During the 2008 election year, “Vote or Die” became a major social movement. Now, the 2012 election has one of its own. The aptly titled National Voter Registration Day on Tuesday was a mass movement to get people registered to vote for the presidential election.
According to the campaign, 6 million people were not able to vote in 2008 because they didn’t know how to register to vote or they missed the deadline. Volunteers were spotted on college campuses, in transit stations (including MARTA in Atlanta), sidewalks and various other places with registration forms. The campaign also prided itself on being non-partisan.
“We don’t support or endorse any candidate or issue. We’re strictly non-partisan,” the campaign said on its website. “That means when you agree to participate, you agree that you won’t tell other people how to vote. We’re about democracy. We don’t care how you vote, just that you do vote!”
The movement was endorsed by scores of people, including celebrities, various companies and human rights groups. The Congressional Black Caucus was one of the proponents of this movement, especially in light of a slew of voter identification laws that have passed across the country.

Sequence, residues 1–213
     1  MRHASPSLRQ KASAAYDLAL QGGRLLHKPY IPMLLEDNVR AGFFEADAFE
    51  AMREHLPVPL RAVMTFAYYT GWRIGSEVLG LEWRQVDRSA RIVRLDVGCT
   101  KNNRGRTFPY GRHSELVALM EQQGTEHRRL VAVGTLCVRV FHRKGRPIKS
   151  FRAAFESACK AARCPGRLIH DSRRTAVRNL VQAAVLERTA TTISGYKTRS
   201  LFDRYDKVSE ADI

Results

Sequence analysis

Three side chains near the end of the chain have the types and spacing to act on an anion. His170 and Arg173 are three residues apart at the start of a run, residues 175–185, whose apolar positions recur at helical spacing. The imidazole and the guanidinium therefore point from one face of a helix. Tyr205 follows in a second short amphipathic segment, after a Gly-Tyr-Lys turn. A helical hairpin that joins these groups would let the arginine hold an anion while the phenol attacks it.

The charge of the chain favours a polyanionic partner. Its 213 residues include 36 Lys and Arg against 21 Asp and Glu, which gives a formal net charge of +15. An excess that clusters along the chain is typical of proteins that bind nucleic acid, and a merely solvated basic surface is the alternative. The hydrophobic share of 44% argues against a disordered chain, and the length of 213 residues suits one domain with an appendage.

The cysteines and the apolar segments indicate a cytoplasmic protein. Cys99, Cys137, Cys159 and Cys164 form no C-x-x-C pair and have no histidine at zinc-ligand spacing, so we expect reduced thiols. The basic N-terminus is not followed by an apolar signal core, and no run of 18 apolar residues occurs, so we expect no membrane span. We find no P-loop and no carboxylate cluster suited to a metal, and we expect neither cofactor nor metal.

“The Congressional Black Caucus is committed to ensuring that no eligible voter is turned away from the ballot box during early voting and on Election Day,” the CBC said in a statement.
Rappers Havoc (of Mobb Deep) and Black Thought recorded videos for YouTube.
National Voter Registration Day, like other most millennial movements, also had a strong social media presence in addition to its own website. The campaign provided graphics to be posted as profile pictures and links that allowed people to tweet celebrities like Lady Gaga and Selena Gomez to ask for support, in addition to links that allowed people to send mass emails.